Fun and cute but also insightful and issue conscious. Van Wagenen may be fifteen, but she's no gimmick. She can out-write authors twice her age and thFun and cute but also insightful and issue conscious. Van Wagenen may be fifteen, but she's no gimmick. She can out-write authors twice her age and then some.
Admit it: you wish you had a more reliable way to double check commonly misspelled words than a Google search. Do you know the difference between affeAdmit it: you wish you had a more reliable way to double check commonly misspelled words than a Google search. Do you know the difference between affect and effect? Have you ever wondered whether a hunter lies in wait or lays in wait?
If you answered yes to these questions -- or answered yes for your offspring -- Sue Sommer has written the guide you need. During her first week as a high school English teacher, Sommer began compiling a list of tricky spelling and grammar issues for her students. Over the next 13 years, her list first grew into a guide and then into a legend as students, parents, and even their friends requested the original incarnation, made by photocopier. Word of mouth reached a publisher at a school function, and Sommer’s fantastic teaching tool is now available to the world.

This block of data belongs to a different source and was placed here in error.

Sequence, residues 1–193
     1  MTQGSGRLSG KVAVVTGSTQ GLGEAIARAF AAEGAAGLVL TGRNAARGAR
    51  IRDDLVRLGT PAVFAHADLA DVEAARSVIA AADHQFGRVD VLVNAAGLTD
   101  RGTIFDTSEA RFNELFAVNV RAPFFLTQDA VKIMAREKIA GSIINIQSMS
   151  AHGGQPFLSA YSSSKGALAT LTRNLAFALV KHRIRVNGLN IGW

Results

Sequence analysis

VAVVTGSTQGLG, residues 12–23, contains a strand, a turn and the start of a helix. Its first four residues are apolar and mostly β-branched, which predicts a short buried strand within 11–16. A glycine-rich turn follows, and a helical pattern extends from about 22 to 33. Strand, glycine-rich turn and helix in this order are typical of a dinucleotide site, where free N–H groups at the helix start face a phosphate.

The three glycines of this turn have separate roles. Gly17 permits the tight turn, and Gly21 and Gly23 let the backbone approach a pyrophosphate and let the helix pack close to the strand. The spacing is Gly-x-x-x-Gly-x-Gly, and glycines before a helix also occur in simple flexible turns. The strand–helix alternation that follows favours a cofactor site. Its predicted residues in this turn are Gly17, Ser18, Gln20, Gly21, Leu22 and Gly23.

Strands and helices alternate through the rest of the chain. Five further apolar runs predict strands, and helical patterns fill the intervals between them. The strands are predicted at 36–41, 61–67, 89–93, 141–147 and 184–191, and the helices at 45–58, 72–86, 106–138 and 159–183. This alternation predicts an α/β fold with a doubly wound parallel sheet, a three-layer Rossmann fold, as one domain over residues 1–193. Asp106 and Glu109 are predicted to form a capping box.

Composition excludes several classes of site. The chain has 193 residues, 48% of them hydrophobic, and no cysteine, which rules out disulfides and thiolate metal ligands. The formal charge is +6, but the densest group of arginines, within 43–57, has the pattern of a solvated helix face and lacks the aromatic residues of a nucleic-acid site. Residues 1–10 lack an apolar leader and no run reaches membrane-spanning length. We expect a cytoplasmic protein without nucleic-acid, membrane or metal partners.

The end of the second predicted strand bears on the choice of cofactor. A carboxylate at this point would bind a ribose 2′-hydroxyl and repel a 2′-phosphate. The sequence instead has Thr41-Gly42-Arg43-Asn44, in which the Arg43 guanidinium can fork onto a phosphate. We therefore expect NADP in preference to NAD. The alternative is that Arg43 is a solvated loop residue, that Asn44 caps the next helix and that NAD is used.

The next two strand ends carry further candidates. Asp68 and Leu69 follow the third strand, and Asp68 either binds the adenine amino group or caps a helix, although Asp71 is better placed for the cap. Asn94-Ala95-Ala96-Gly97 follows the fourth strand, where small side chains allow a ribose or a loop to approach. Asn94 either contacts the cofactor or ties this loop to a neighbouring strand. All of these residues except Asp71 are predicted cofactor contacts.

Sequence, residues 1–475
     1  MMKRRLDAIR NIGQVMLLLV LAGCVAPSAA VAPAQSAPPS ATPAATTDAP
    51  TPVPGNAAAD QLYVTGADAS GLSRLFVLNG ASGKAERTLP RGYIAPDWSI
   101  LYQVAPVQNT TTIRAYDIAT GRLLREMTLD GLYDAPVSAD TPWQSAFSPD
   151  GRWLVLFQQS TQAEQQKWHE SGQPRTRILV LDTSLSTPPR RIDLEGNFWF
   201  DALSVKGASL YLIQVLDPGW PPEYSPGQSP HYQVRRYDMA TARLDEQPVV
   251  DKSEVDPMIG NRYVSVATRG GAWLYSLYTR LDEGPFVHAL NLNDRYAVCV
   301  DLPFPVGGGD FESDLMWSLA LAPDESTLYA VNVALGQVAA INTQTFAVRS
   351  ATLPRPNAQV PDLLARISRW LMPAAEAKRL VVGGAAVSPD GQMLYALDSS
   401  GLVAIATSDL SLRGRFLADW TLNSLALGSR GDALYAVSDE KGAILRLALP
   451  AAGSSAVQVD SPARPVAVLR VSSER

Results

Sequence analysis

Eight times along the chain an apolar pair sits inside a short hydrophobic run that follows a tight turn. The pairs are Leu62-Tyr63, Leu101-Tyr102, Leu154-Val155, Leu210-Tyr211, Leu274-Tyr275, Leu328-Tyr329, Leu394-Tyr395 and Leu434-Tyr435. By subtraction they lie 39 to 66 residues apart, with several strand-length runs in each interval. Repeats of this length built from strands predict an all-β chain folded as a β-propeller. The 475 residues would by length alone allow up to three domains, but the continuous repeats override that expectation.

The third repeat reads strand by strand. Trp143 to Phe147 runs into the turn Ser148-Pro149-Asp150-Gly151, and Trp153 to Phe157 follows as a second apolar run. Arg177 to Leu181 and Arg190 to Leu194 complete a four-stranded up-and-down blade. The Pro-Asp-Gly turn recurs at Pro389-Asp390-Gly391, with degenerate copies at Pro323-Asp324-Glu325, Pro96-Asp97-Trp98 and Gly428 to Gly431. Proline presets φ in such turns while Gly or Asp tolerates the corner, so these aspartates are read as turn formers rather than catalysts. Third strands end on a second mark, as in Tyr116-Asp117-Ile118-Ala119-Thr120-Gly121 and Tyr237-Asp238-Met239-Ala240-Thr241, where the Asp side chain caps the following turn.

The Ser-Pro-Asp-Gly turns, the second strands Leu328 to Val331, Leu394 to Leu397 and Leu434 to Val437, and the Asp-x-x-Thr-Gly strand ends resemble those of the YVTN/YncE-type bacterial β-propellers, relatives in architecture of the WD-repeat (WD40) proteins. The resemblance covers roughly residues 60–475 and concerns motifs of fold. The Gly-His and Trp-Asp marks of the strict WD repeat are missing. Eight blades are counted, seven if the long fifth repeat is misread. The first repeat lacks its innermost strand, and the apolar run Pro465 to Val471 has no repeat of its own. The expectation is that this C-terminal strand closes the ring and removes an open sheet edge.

Straightforward and accessible, The Bugaboo Review offers a list of common grammar and spelling errors without the condescension many of us associate with learning the nuances of writing. The guide divides into three main sections. The first portion collects the most common errors from the rest of the book and makes them easy to find in a pinch. The main body is an extensive alphabetical list of confusing spellings and grammar errors, including those homophones the spell check on your word processing software isn’t catching. Rounded out with an –ei and –ie spelling reference list, the so-called Bug-Rev is both a great classroom tool and home reference guide.
Summary: A look at the events surrounding and leading up to the Selma freedom march, told partly from the perspective of teenagers who were involved.
VSummary: A look at the events surrounding and leading up to the Selma freedom march, told partly from the perspective of teenagers who were involved.
Verdict: A must for the middle school American history classroom.